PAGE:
Could a Space Telescope Help Us Grasp Reality?

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All-sky image showing density of cold cores present in the Cold Core Catalogue of Planck Objects (C3PO)
ESA/Planck Collaboration

A Smoking Gun

Planck data may hold evidence for what members of the physics community, like Peter Timbie from the University of Wisconsin-Madison, commonly refer to as inflation’s smoking gun: a massive collection of propagating bends and kinks in space itself, called gravitational waves.

Analogous to the way one can send a wave pulse down a taut rope, massive objects and violent events in the universe can bend and kink space itself, sending waves propagating away. Unambiguous evidence of the violent, exotic period of inflation would be traces in the CMB of these gravitational waves.

In actuality, the picture is slightly more complicated because, as Timbie somewhat reluctantly points out: “There are a whole range of models for inflation and it’s a continuum of energy scales it can occur at. The lower energy scale models wouldn’t give us anything we could see -- certainly nothing Planck would see and pretty quickly out of reach of any experiment.”

Additionally, other physicists like Daniel Chung, also of the University of Wisconsin-Madison, have discovered a handful of interesting “non-inflationary solutions” to particular problems with the original Big Bang theory. As if the story needed another twist, it turns out that, at least on paper, interactions in extra dimensions with a “’hidden’ universe” can account for certain unexplained conditions in our early cosmos.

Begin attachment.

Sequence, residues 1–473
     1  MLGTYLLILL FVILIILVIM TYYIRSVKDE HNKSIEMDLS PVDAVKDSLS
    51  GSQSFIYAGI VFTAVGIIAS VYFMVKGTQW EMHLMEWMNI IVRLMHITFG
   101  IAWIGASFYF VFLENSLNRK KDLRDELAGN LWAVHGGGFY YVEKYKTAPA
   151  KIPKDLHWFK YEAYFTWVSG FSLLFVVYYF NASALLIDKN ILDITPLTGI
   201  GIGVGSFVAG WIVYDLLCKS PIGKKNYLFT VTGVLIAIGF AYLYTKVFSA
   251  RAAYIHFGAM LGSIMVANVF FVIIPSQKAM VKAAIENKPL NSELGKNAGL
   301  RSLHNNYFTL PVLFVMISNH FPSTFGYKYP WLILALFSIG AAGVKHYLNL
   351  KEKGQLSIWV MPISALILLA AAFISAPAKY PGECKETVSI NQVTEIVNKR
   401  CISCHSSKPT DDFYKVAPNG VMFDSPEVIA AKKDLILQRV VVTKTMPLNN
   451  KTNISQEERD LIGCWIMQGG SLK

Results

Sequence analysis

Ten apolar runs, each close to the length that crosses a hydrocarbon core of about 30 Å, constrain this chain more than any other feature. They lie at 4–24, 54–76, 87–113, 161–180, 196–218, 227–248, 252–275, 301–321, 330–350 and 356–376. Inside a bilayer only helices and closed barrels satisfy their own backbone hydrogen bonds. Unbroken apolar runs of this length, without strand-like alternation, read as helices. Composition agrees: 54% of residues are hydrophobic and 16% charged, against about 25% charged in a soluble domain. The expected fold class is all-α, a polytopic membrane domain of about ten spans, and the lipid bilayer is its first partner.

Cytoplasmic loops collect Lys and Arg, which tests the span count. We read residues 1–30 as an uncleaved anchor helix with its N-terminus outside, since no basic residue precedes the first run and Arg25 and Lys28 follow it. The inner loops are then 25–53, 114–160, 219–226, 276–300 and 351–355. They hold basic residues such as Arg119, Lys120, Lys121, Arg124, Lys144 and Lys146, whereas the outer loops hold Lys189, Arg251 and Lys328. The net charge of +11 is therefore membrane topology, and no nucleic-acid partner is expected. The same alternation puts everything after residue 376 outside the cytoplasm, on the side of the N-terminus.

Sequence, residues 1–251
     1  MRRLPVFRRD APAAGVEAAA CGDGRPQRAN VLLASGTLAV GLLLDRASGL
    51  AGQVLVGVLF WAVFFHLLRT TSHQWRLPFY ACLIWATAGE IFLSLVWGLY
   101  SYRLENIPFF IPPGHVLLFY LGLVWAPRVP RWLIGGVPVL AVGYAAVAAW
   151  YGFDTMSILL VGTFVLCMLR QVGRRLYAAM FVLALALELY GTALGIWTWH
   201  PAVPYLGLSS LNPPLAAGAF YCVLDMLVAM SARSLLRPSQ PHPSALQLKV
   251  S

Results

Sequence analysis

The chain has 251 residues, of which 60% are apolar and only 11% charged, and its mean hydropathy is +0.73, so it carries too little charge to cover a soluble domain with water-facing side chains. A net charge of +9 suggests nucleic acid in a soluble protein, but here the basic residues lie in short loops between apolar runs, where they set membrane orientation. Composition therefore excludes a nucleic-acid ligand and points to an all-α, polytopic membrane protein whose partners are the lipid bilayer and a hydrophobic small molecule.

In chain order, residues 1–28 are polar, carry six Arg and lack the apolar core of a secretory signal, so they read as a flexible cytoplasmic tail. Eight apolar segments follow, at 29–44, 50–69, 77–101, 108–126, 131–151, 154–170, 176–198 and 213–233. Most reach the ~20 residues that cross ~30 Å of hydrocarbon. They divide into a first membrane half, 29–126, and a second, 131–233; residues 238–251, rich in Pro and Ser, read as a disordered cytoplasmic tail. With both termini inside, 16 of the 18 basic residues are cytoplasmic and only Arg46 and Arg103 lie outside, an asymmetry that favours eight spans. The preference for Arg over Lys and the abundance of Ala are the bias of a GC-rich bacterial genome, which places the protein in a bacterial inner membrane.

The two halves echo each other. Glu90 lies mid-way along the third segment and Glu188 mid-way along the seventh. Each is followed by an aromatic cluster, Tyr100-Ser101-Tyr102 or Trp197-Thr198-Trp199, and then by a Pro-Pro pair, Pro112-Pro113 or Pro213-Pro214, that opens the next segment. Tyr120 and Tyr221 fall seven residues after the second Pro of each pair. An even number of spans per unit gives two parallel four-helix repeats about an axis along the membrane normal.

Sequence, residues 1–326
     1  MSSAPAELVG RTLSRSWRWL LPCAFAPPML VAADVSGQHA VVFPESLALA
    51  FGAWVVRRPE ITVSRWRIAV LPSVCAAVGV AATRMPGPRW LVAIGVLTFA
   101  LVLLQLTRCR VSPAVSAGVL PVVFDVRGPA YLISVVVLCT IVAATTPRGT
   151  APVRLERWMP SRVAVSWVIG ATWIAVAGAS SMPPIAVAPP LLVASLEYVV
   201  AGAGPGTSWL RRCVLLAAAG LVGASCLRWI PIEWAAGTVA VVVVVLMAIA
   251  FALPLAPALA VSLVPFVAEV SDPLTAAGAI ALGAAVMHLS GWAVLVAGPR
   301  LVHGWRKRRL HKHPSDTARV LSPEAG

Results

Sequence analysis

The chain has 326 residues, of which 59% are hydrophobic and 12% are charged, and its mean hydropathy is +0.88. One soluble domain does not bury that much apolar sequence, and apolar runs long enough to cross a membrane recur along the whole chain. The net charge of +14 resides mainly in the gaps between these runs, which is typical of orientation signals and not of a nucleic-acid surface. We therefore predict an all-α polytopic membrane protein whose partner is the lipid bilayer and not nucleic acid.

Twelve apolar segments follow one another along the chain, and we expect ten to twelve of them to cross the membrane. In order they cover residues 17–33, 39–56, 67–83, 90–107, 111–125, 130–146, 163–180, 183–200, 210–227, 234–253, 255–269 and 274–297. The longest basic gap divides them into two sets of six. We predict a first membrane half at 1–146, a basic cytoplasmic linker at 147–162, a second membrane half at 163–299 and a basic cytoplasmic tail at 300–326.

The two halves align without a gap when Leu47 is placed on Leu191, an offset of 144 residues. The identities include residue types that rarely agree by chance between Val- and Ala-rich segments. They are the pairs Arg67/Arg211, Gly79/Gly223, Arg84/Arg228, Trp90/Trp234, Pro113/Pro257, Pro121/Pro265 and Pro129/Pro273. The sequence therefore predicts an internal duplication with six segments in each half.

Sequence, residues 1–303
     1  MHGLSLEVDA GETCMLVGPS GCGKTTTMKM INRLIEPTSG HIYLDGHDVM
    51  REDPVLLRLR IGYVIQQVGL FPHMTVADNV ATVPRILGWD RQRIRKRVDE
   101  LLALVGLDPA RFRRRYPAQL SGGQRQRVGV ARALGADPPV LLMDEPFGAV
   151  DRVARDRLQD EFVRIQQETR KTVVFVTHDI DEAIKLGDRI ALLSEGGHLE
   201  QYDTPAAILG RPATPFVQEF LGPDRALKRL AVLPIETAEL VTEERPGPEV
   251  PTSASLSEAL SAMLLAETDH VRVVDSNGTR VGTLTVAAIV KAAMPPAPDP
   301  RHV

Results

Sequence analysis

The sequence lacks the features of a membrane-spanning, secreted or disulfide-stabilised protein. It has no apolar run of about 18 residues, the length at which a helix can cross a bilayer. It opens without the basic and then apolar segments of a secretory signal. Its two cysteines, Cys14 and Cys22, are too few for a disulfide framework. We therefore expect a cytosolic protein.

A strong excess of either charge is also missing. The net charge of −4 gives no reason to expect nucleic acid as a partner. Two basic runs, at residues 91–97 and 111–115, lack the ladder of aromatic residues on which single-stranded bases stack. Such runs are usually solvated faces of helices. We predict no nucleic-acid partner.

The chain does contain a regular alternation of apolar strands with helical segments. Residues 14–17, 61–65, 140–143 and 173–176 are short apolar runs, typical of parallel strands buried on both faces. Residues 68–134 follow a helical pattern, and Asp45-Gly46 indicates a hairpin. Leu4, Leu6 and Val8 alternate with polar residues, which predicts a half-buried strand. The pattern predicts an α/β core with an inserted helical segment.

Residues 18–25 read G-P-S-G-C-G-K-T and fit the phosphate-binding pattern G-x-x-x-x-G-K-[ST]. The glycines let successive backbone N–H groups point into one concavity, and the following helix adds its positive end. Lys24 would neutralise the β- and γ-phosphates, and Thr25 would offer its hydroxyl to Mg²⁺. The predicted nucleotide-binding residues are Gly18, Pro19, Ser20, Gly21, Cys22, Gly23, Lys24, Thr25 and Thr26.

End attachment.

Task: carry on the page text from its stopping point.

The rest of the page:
So the picture is complicated. But what if Planck has seen evidence for a process like inflation, what next? Is our existential investigation finally over? Admittedly, probably not. As Timbie says, if the Planck data ends the search for inflation, it “would really just be the beginning.”

While we would inch ever closer to a consistent and explanatory model of reality, the philosophical gap between an observable universe’s origins and a reality’s origins would still be tough to close.

In fact, the assumption that reality is the type of thing that can have a beginning is just that, an assumption. What was reality doing a day before the Big Bang? might turn out to be a perfectly coherent question as our understanding of our origins becomes ever more clear.

And asking these types of questions and garnering evidence with telescopes like Planck might turn out to be our only path to answering our initial, existential query: how did reality get here?

David Marulli is a senior at University of Wisconsin-Madison, majoring in physics and philosophy. He can also be found on Twitter (@Delinquencyance)

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